RR81699. Silver denarius, Crawford 308/1a, RSC I Herennia 1a, Sydenham 567a, SRCV I 185, BMCRR I Rome 1263 var. (pellet below D), RBW Collection 1149 var. (control), gVF, weight 3.797 g, maximum diameter 18.5 mm, die axis 0o, Rome mint, 108 - 107 B.C.; obverse diademed head of Pietas right, PIETAS (TA ligate) downward behind; reverse one of Cantanaean brothers running right, nude, bearing his father on his shoulders, his father looking back and raising right hand, M•HERENNI (HE ligate) downward on left, •D (control symbols) lower right; SOLD


Roman Republic, M. Herennius, 108 - 107 B.C.

Click for a larger photo
The Cantanaean brothers, Amphinomus and Anapias, saved their parents after an eruption of Mt. Etna, carrying them on their shoulders to safety. This was a favorite story among the Romans, for whom duty to family was among the most important virtues, fundamental to the Roman ideal of pietas. This moneyer had some connection to Sicily.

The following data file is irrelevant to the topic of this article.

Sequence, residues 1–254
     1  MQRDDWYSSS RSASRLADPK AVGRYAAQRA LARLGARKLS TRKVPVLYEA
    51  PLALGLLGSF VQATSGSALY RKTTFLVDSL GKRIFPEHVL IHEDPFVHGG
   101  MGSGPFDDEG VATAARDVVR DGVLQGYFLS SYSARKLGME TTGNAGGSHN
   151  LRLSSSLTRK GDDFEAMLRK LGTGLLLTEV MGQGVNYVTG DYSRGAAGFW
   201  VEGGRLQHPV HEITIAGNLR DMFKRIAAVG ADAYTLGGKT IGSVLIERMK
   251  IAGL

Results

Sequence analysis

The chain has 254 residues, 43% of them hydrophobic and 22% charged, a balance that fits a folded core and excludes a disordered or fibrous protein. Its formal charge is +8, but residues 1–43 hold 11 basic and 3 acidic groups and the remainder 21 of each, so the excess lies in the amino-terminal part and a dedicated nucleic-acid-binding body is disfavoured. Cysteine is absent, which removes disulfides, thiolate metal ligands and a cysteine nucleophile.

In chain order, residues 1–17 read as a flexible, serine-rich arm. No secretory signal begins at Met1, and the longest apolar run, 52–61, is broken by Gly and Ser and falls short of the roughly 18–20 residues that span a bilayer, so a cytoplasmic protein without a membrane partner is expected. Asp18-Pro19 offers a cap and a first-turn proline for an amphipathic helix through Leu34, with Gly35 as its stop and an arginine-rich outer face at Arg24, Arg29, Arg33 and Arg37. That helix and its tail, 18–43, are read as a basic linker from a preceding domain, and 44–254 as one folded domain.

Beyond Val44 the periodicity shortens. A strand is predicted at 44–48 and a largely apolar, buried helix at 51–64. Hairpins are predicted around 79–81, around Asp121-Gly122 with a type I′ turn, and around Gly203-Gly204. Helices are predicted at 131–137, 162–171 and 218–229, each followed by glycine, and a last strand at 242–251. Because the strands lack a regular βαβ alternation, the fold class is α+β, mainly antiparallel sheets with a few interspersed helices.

RR18023. Silver denarius, BMCRR I Rome 1257 (X), RBW Collection 1149 (X•), Crawford 308/1a, Sydenham 567, RSC I Herennia 1, SRCV I 185, nice VF, weight 3.842 g, maximum diameter 19.4 mm, die axis 315o, Rome mint, 108 - 107 B.C.; obverse diademed head of Pietas right, PIETAS (TA ligate) behind, X or X• (control symbol) below chin; reverse one of Cantanaean brothers running right, nude, bearing his father on his shoulders, his father looking back and raising right hand, M•HERENNI (HE ligate) downward on left; SOLD


Roman Republic, M. Herennius, 108 - 107 B.C.

Click for a larger photo
The Cantanaean brothers, Amphinomus and Anapias, saved their parents after an eruption of Mt. Etna, carrying them on their shoulders to safety. This was a favorite story among the Romans, for whom duty to family was among the most important virtues, fundamental to the Roman ideal of pietas. This moneyer had some connection to Sicily.